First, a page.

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Penn State going smoke-free? Here's what a university smoking ban could look like

Written by Matt Eyer/The York Daily Record | Oct 4, 2017 11:58 AM

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FILE PHOTO: A Penn State student walks in the rain past Old Main on the Penn State main campus in State College. (AP Photo/Gene J. Puskar)

(University Park) -- Penn State could go smoke-free and tobacco-free as early as January if it follows recommendations made by a university task force. 

Findings by the Penn State Smoke Free/Tobacco Free Task Force, released Oct. 2, go to PSU President Eric Barron for review. A final decision on recommendations - which include banning smoking and tobacco - will be made later this semester, according to the university. 

There are more than 2,000 colleges in the United States that are 100 percent smoke-free, according to American Nonsmokers' Rights Foundation.

If approved, Penn State would become the 13th college or university in Pennsylvania to go smoke-free. Already on the list are all HACC campuses, and Lehigh and Widener universities.

According to a news release, the task force made the following recommendations:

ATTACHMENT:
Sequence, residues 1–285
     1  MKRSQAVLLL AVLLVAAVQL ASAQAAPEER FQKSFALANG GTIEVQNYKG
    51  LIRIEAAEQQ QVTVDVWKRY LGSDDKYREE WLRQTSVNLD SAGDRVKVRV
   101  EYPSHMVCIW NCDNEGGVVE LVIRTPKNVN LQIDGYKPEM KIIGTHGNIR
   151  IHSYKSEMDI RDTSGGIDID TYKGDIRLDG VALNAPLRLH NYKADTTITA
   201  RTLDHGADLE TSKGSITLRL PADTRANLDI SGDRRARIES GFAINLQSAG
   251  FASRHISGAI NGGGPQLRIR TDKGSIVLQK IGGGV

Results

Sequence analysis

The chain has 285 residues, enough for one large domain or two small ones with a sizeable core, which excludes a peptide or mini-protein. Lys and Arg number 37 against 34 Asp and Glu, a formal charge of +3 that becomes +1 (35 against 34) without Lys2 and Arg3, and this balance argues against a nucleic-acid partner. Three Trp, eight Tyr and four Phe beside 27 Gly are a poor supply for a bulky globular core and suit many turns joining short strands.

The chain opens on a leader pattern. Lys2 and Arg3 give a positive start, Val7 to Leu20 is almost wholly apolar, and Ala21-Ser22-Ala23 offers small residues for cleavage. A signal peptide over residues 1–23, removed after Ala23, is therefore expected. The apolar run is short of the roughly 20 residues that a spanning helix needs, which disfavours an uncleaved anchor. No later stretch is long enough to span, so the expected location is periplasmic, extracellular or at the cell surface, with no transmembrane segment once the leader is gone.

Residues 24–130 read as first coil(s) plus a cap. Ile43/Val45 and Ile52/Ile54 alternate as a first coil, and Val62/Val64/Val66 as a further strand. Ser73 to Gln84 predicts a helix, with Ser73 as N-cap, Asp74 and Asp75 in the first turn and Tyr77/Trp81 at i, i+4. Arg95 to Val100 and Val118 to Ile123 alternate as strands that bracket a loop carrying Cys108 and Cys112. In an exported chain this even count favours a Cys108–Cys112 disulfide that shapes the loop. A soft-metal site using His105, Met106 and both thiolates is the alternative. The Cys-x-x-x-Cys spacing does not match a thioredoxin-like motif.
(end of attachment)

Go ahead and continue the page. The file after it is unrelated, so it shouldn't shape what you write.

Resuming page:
1. Make Penn State smoke-free and tobacco-free. Prohibit smoking and tobacco on all campuses and university-owned or -leased properties, buildings and vehicles. Ban advertising, distributing or sample tobacco products or merchandise on all campuses. 
  2. Create an Office for a Smoke-Free/Tobacco-Free Penn State to oversee implementation of the new policy. 
  3. Implement and communicate a policy in fall 2017 with a soft launch in January 2018. Start enforcement of the ban in fall 2018. 
  4. Help faculty, staff and students who want to stop using tobacco or nictine products with cessation programs and resources. 
  5. Using peer support and encouragement to enforce the policy, and "only when necessary, supervisory oversight."
  6. "Communicating across the entire Penn State Community to build understanding and adherence."
  7. Working with local communities at each campus to keep them informed and involved. 

This story is part of a partnership between WITF and York Daily Record. 

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